Calvin Laituri, “Ruin and Renascence”
Opening event with Calvin: Saturday, July 10th, 2-6pm
Haven Gallery is pleased to present “Ruin and Renascence”, a collection of new ink works from New England artist Calvin Laituri, for his second solo show at Haven Gallery. “Ruin and Renascence” is a series that chronicles an ongoing narrative reminiscent of the cyclical nature of life. Buildings once teeming with life and function, as commonly found throughout the US and abroad, now appear as lonely mammoths in rural landscapes. Each structure finds itself accompanied by a silhouetted canine who reinvigorates our interest in the delicate sensibility of these places and their lost functions. A shadow of the past or ghost of the future, this guide connects us to these periods of time to remind us that despite the imminent denouement of all life, existence is reborn. A nod to the slow but sure moment of time, reminding us not to forget our past and relish in the beauty of these times, places and their functions.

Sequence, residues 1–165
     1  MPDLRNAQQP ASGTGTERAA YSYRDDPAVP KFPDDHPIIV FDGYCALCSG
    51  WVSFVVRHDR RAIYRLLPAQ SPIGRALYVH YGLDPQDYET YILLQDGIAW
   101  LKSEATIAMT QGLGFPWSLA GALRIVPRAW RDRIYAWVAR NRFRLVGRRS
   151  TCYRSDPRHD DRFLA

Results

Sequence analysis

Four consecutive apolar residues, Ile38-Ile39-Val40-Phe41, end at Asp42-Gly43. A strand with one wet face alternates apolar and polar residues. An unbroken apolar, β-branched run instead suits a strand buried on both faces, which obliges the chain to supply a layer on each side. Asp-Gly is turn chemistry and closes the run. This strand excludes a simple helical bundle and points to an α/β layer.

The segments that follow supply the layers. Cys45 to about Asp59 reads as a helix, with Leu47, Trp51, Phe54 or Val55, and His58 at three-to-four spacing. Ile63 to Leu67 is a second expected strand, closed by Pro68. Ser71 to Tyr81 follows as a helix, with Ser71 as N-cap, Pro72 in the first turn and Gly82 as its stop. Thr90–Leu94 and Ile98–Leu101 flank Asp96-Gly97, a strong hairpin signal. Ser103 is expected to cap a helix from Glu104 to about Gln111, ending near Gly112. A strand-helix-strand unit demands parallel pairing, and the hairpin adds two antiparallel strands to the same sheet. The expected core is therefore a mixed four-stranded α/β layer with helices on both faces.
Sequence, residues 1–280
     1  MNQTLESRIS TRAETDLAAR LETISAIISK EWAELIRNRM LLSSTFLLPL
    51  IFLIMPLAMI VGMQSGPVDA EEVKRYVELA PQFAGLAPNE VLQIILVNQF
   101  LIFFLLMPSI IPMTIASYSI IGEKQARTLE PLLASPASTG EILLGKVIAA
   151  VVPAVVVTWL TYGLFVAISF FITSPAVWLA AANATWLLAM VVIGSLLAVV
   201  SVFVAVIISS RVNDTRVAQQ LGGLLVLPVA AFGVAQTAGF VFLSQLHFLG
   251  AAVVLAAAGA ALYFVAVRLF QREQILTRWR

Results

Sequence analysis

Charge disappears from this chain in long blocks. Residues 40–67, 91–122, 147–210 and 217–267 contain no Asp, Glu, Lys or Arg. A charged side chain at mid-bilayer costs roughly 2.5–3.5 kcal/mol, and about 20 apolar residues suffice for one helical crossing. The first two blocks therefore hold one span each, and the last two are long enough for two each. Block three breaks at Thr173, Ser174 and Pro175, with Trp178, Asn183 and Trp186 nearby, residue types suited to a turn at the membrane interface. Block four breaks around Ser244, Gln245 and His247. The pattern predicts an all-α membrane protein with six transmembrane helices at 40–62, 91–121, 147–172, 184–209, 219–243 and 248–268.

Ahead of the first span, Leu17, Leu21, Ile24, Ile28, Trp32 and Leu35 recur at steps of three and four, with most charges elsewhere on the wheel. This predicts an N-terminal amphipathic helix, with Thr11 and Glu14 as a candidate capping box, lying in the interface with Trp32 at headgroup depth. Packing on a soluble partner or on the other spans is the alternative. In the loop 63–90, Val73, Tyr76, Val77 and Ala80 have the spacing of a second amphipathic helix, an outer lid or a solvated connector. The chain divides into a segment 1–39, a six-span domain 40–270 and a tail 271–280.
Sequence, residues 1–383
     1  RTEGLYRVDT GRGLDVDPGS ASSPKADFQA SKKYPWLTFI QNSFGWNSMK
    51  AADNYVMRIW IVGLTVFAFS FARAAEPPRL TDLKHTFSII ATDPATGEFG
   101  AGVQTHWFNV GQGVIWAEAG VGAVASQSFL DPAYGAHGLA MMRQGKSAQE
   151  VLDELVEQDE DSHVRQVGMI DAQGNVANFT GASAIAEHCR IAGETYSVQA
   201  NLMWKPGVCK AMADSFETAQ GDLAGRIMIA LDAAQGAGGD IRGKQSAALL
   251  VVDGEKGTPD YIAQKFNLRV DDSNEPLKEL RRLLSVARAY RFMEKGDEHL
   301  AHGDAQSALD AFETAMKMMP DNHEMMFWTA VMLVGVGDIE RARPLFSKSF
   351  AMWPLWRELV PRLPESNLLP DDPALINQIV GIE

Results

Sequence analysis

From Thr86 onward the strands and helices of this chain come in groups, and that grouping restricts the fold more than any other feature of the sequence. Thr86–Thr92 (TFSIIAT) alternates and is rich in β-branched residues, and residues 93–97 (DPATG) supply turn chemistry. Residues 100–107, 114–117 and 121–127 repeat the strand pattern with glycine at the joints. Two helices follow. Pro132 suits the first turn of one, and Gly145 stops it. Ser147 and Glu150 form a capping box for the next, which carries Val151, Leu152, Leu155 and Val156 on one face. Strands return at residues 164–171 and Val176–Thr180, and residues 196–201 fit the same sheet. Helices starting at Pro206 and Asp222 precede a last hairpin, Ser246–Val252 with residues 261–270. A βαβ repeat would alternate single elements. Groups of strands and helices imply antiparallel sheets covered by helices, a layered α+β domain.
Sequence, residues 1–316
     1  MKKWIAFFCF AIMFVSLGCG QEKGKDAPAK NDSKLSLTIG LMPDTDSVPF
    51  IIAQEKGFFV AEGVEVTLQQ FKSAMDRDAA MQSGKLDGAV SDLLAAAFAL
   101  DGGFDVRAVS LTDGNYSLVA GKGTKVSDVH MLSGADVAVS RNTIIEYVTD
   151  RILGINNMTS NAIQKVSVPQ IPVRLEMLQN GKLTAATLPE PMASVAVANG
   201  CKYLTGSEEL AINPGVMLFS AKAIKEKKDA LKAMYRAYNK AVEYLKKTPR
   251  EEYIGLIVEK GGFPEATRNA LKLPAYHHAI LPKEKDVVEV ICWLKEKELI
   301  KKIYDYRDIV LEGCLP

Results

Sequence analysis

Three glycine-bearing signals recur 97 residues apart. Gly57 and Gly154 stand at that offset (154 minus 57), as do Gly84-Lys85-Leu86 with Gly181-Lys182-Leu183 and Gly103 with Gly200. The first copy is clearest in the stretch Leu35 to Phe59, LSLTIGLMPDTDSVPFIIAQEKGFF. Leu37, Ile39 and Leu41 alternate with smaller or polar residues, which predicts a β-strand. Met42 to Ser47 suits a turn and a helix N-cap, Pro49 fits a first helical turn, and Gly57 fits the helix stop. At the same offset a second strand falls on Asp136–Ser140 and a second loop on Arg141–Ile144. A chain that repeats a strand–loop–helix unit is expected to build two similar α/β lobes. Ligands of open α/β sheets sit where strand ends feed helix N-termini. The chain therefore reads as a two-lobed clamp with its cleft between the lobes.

Laituri’s work is made up of highly skilled line work, built from a push and pull approach where ink is laid down on his clayboard medium, and carved out with sharpened tools, resulting in highly defined and meticulous strokes reminiscent of a cross hatching technique. Each drawing cultivates its monochromatic palette to emphasize the artists control of values, contrast, mood and narrative, as inspired by printmakers and artists of the past. This dichotomy of technique serves as an accentuation of the artists play on dualities throughout his work.
The heart of New England is riddled with fading remnants of a regional vernacular. Born from a time when news travelled at a canter, these distinctive local shapes in the built environment once arose naturally. The inherent value in such structures is their innocent response to climate, their natural setting, regional identity, and local material. To live in coexistence with the chapters of seasons was a necessity. “Ruin and Renascence” tells the story spanning the solstices in a region along the Connecticut River, following a black hound as an allegory of Winter amidst various timber-framed artifacts that epitomize the area.